A Long Island town called Hempstead is the most populous town in the United States and one of the three towns in Nassau County, New York. Recent reports have it that the town considering to place an embargo on drones amid safety concerns.
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Town Supervisor Anthony Santino, while responding to reporters, stated, “Residents need to be kept safe, free of the noise and nuisance. Many of our facilities have changing rooms that are roofless. People come and change into bathing suits or will dress little children, and they don’t need drones equipped with cameras peering overhead.”
Santino’s major concern seems to stem from the fact that the objects fly only a tad above ground level and the need to safeguard his people’s privacy, as he went, “The thing flies low overhead. It can take very sharp and clear pictures, and we just don’t want them on our beaches, at our pools, where people are there enjoying themselves with their families enjoying a beautiful day.”
It can be recalled that sometime in October 2015, Santino said a gps drone quadcopter went into flames after it crashed into a business on Main Street in Sag Harbor.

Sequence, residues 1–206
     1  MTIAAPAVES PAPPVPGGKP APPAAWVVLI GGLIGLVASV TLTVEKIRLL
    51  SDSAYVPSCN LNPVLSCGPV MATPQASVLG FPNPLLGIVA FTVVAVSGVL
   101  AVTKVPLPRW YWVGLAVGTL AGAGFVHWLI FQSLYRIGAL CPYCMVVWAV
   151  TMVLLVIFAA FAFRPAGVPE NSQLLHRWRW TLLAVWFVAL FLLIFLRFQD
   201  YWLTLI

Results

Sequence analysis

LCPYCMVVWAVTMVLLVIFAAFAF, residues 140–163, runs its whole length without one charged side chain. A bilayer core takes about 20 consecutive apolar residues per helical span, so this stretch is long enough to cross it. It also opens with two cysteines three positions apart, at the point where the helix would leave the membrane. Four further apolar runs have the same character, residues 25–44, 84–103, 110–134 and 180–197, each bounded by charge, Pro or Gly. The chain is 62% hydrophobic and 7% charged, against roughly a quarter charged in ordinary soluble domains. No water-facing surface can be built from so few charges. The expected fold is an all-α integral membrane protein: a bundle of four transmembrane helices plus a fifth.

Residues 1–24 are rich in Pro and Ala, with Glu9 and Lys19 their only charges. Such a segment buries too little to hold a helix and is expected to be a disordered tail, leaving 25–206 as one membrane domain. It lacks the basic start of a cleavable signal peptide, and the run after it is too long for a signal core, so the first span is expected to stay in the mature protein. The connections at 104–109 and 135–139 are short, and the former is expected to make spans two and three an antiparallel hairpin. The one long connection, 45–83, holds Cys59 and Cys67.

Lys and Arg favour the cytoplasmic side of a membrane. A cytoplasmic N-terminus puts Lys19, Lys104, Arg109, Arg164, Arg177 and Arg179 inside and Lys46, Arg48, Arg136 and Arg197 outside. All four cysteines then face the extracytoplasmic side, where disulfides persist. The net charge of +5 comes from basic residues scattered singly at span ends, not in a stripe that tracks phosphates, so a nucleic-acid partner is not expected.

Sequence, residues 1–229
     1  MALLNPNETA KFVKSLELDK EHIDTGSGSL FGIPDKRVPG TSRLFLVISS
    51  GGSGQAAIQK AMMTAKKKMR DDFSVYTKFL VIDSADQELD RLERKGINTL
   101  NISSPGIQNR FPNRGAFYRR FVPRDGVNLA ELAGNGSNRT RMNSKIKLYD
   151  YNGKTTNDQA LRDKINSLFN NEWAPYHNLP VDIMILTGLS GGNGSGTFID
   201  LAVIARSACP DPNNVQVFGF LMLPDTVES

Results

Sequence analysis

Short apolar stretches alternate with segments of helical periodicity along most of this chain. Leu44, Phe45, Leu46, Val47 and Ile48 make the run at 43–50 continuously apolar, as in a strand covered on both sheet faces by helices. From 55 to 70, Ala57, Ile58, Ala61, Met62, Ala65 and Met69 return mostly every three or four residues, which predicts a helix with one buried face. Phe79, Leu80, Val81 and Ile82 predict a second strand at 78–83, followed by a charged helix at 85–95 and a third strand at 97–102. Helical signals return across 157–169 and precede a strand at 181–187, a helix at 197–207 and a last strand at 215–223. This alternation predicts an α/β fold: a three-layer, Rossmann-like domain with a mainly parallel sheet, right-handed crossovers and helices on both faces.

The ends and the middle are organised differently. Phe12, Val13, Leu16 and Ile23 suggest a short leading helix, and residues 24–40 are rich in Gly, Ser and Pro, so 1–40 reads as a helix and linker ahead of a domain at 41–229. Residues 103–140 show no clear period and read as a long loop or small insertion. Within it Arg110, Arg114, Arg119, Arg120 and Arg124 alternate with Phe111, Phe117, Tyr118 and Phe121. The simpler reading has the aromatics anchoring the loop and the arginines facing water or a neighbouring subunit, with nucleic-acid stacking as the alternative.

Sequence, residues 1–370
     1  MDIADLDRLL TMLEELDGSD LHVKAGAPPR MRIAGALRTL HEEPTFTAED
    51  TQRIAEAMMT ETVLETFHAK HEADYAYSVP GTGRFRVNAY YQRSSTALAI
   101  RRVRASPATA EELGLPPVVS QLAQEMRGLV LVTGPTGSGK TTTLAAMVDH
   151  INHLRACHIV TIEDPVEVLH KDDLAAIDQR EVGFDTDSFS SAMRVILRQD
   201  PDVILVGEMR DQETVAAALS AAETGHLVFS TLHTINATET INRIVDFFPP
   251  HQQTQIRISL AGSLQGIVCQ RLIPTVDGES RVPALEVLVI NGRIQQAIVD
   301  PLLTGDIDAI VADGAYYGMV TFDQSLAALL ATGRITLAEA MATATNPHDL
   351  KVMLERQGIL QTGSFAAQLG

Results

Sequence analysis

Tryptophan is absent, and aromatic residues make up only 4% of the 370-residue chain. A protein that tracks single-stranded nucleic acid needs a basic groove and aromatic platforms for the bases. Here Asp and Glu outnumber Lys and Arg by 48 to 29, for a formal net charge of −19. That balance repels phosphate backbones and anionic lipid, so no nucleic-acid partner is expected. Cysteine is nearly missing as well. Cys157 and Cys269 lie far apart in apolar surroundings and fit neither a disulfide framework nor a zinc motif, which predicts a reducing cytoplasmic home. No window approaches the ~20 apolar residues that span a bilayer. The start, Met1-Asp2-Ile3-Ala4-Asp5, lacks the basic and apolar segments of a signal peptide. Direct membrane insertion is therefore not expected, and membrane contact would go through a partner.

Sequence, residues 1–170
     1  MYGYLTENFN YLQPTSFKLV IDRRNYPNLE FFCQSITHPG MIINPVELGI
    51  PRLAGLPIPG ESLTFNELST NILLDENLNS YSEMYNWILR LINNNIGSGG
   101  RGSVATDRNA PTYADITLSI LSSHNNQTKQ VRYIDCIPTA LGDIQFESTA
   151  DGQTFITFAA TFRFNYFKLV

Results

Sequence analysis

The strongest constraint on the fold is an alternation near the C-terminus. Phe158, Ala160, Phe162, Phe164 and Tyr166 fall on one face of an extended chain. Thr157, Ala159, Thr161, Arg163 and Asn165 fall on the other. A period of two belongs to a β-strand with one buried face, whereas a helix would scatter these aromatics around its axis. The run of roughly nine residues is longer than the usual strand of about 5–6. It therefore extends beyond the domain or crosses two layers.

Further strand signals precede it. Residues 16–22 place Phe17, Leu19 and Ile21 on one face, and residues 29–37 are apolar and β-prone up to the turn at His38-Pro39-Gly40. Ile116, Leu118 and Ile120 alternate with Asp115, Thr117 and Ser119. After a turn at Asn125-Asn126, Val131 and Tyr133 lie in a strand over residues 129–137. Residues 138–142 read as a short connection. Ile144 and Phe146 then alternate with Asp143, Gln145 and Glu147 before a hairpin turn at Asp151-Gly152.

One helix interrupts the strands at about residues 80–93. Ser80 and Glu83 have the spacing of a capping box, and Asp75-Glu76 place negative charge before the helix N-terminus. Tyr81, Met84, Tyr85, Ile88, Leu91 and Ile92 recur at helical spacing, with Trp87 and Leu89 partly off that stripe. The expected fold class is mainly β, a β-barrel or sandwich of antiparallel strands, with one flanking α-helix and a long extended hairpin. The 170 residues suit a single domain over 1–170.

A visibly concerned Santino opined that “this is just one example—and there are many—of drones that have posed a real hazard and created a real hazard.”
In a similar fashion, Santino also raised concerns about the safety of wildlife. In his words, “We have so many endangered birds that nest here on our beaches during the summer months.”
Under the new arrangement, any individual found flouting the rule would be fined with a hefty tune of $1,500.
Similarly, residents have begun to raise concerns over a growing lack of privacy owing to drones activities in the town. Prominent among them is Point Lookout’s Matt Thompson, who decried, “I see drones on the beach when I’m sitting here with my family, and you know, you’re worried about your safety. You’re worried about your privacy. You take off your T-shirt or something, and you may not feel comfortable.”
As much as most people key into the idea of banning gps drones, on the flipside, there are some who do not share the same sentiments—chief among them, like you would have guessed, are those who one way or the other benefit from drones’ activities. How predictable that was!
One of such dissenting voices is the CEO of Reign Maker Visual Communication, Jes Chosid, whose firm uses gps guided drone to help companies oversee work sites from high above. He opined that should disaster occur, the benefits with drones would far outweigh the costs.
To put in his words, “So imagine in an emergency situation where you have to find survivors, and you’re able to very quickly send drones out there to see where the heat areas are.”
Santino, on the other hand, did his bid to allay fears by claiming that his proposal would allow permits to be issued to serious flyers by the town.
Although federal laws do not ban gps drones’ operations, Federal Aviation Administration instructs that they be registered.